A professor of history is scheduled to give a presentation on “society’s last taboo” — bestiality — at a Sydney, Australia festival next month.
University of London-Birkbeck’s Joanna Bourke’s presentation will be based on her 2020 book “Loving Animals: On Bestiality, Zoophilia and Post-Human Love,” the Daily Mail reports.
Bourke “examines how the meanings of the words ‘bestiality’ or ‘zoophilia’ have changed” over the years and asks: “Are people who are sexually attracted to non-human animals psychiatrically ill, or are they normal people who happen to have a minority sexual orientation,” according to the book’s synopsis.
Appropriately enough, Bourke’s talk will occur at the “Festival of Dangerous Ideas” on September 17. Festival organizers thus far aren’t bowing to pressure to cancel her appearance and curator Simon Longstaff said the outrage over Bourke’s attendance is “unjustified.”
“To suggest that this was in some sense promoting sex with animals is like saying a historian who covers the history of cannibalism is promoting cannibalism,” Longstaff said.
Longstaff, who’s also executive director of The Ethics Centre, said Bourke’s book “did not promote bestiality and actually supported the fact it was dangerous, perverted and wrong […] it takes a particular kind of mind to think that loving animals must involve sex with animals.”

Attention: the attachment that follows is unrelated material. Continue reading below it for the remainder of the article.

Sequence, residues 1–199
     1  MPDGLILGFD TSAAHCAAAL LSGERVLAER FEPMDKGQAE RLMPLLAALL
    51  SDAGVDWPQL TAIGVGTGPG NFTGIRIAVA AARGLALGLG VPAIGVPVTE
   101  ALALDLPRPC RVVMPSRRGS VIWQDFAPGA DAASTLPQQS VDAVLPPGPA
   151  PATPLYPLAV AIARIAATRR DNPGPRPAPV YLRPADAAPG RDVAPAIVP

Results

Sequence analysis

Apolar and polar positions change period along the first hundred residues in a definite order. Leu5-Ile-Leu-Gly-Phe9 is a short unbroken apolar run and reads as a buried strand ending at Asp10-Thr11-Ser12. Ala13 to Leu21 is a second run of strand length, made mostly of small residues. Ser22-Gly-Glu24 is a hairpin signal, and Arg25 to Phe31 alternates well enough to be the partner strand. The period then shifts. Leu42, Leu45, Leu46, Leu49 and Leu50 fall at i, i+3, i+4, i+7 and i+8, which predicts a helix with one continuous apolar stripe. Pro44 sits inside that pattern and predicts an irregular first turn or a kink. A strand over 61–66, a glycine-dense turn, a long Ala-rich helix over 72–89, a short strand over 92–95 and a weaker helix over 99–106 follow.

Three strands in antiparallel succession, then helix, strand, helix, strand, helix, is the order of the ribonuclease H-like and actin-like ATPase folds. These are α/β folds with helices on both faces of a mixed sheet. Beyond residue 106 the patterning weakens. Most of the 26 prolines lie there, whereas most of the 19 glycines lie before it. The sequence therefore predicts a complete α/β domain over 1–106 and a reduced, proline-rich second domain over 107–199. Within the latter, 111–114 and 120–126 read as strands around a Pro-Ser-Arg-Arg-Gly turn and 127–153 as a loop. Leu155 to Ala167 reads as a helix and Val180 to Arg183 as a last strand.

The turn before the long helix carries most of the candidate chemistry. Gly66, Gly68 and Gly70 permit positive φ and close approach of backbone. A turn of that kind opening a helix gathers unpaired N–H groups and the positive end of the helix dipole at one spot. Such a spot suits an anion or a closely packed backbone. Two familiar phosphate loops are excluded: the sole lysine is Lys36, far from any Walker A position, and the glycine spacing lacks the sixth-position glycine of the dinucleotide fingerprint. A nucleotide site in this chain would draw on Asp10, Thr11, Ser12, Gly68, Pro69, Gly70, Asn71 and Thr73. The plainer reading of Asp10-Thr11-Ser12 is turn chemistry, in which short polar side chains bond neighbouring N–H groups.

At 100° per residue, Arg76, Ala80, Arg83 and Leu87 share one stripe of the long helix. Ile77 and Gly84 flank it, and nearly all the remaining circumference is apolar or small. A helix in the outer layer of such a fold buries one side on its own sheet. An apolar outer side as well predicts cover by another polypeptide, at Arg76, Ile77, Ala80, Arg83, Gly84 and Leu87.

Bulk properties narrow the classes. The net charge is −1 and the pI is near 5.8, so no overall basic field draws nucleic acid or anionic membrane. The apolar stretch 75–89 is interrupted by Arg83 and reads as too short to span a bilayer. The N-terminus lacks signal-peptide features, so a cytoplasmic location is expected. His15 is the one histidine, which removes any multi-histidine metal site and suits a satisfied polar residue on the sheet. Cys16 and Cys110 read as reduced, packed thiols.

Longstaff also was “outraged” that a New South Wales arts minister allegedly did not attempt to discuss the matter with him before demanding the festival be called off on account of Bourke.
Longstaff called the NSW arts minister the ‘minister for censorship’.
Radio host Ben Fordham said he had forwarded the link to the event to the office of the NSW Minister of the Arts.
‘Can I just make this point, animals don’t have a choice in the matter,’ he said.
‘So in a day and age when we focus on the word “consent”, I don’t know what the point is of talking about this subject, when at the beginning and the end of the argument, you are talking about an issue of consent, and animals being abused.’
[Arts Minister Ben] Franklin’s office sent a statement to the radio station demanding the festival drop the speaker.
‘Minister Franklin supports independent artistic expression, however creative works need to be in line with community expectations and clearly “The Last Taboo” does not come close to meeting those expectations,’ the statement read.
Emma Hurst of New South Wales’ Animal Justice Party said “bestiality is the sexual abuse of animals” and that “it is highly concerning that the [festival] blurb mentions the ‘love’ of animals. Animal abuse is not love.”
She added “while conversations on these issues are important” they shouldn’t be used as “a form of entertainment.”
According to her faculty page, Bourke also published an article in 2019 titled “Bestiality, Zoophilia, and Human-Animal Sexual Interactions,” which “explores the changing ideas about the ‘wrongness’ of such acts.”
IMAGE: Birbeck, University of London screencap